FAIR: Our last question is how you became a student and an academician of History? Was it a conscious choice taken on your part?

SAH: That is a very good question. Whatever I have done in my life was done on purpose, and with careful thinking and planning. I took up history as my field of study very consciously. I did my HSC from Bogra Azizul Haque College, the Principal of which was a renowned historian Professor Eshak. He himself suggested that I studied Economics, as by taking up that discipline I would have my economic future secured. I said, “Sir, it has all along been my wish to read history. History is my first love and would remain so for the rest of my life.” And that is the case even today. I personally think that despite many ifs and buts, my decision was correct. The benefit that has accrued to me by reading and teaching history certainly outweighs whatever pitfalls that had fallen by my way through the whole of my professional career. I am a self-satisfied man.

FAIR: Sir, thank you very much for your time.

SAH: You are most welcome.



Report for Foreign Affairs Insights and Reviews magazine

— Prepared by Kazi Niaz Ahmed (circa 2012)

In the midst of the euphoria accompanying Burma’s seeming democratic transition, one of the key human rights issues that international leaders and Burmese pro-democracy activists have failed to address is the continuing statelessness and marginalization of the Rohingyas, a Muslim ethnic minority concentrated in the northern Rakhine State in western Burma, bordering Bangladesh.  Even as the Burmese Government basks at the stunning success of being able to hold a free and fair by-election on 01 April 2012, experts and Rohingya community leaders are divided over what the ongoing reforms may hold for them.

Burma’s ‘Lady of Democracy’, Aung San Suu Kyi, has highlighted ethnic conflicts as the country’s most urgent problem. However, even she is keeping a lull thus far on the Rohingya issue. In January, the army-backed civilian government signed a ceasefire with ethnic Karen rebels in southern Burma to halt one of the world’s longest-running civil wars. Other such peace-deals are soon to follow. However, reports and governmental signs coming out of Burma signals that there is little change of attitude of the government of Thein Sein towards the Rohingyas. There is no evidence of change in the human rights situation, and persecuting them still seems like the modus operandi in the region.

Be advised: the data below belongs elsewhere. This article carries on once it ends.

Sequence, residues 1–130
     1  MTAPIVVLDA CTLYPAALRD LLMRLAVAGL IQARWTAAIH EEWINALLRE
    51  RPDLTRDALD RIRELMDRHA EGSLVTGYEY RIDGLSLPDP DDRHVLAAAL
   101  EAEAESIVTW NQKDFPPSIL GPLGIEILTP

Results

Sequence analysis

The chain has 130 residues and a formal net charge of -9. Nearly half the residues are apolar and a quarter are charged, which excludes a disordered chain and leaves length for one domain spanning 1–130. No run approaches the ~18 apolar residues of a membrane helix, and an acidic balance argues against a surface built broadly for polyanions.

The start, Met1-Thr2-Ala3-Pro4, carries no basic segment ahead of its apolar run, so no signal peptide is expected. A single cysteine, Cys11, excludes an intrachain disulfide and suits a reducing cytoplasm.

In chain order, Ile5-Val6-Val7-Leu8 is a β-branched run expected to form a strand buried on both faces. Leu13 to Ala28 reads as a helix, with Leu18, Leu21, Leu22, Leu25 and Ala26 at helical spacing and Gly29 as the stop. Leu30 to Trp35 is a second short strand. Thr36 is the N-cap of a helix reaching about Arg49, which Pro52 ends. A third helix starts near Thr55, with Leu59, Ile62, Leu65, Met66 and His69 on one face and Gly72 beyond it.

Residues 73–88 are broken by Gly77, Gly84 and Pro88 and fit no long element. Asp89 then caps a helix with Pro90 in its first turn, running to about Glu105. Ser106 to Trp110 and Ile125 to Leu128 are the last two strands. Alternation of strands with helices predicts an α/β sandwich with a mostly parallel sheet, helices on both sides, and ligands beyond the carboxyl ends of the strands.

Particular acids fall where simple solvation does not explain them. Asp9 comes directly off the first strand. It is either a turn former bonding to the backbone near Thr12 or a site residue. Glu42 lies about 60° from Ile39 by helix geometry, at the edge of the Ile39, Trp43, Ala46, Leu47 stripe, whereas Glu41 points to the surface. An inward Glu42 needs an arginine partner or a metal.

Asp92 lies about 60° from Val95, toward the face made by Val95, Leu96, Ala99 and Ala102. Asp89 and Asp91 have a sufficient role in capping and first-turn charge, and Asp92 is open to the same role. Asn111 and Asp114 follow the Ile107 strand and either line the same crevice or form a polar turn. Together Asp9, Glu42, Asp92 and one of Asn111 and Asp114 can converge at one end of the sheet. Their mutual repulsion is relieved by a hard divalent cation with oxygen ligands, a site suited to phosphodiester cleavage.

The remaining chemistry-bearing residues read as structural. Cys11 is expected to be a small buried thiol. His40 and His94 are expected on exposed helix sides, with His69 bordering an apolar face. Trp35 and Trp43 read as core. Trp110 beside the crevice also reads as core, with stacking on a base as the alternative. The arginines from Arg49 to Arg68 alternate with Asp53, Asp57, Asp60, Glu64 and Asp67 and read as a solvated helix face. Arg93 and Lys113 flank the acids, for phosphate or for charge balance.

Living in one of the poorest and most isolated states in Burma, the Rohingyas, who are some 800,000 in number, are surely ranked among the world’s most persecuted and forgotten people. Until 1989, the Northern Rakhine State was known as Arakan since time immemorial. The ruling military junta changed its name to reflect the dominant ethnic group, the Rakhine Buddhists. The Rohingya dominated townships of Maungdaw, Buthidaung, and Rathedaung fall under this province.

Being statelessness, the Rohingyas are denied access to Burmese citizenship even though they have lived in Burma for generations. They are accorded only permanent resident status, with the majority holding a Temporary Registration Certificate as an identity document instead of the Citizenship Scrutiny Card that full citizens hold. Rohingyas are said to be related ethnically to the Bengalis of Chittagong area, leading the Burmese government to claim they are Bengali Muslims who arrived unchecked during the British and Pakistani rule and more recently from Bangladesh, thus forfeiting any legitimate claim to Burmese citizenship.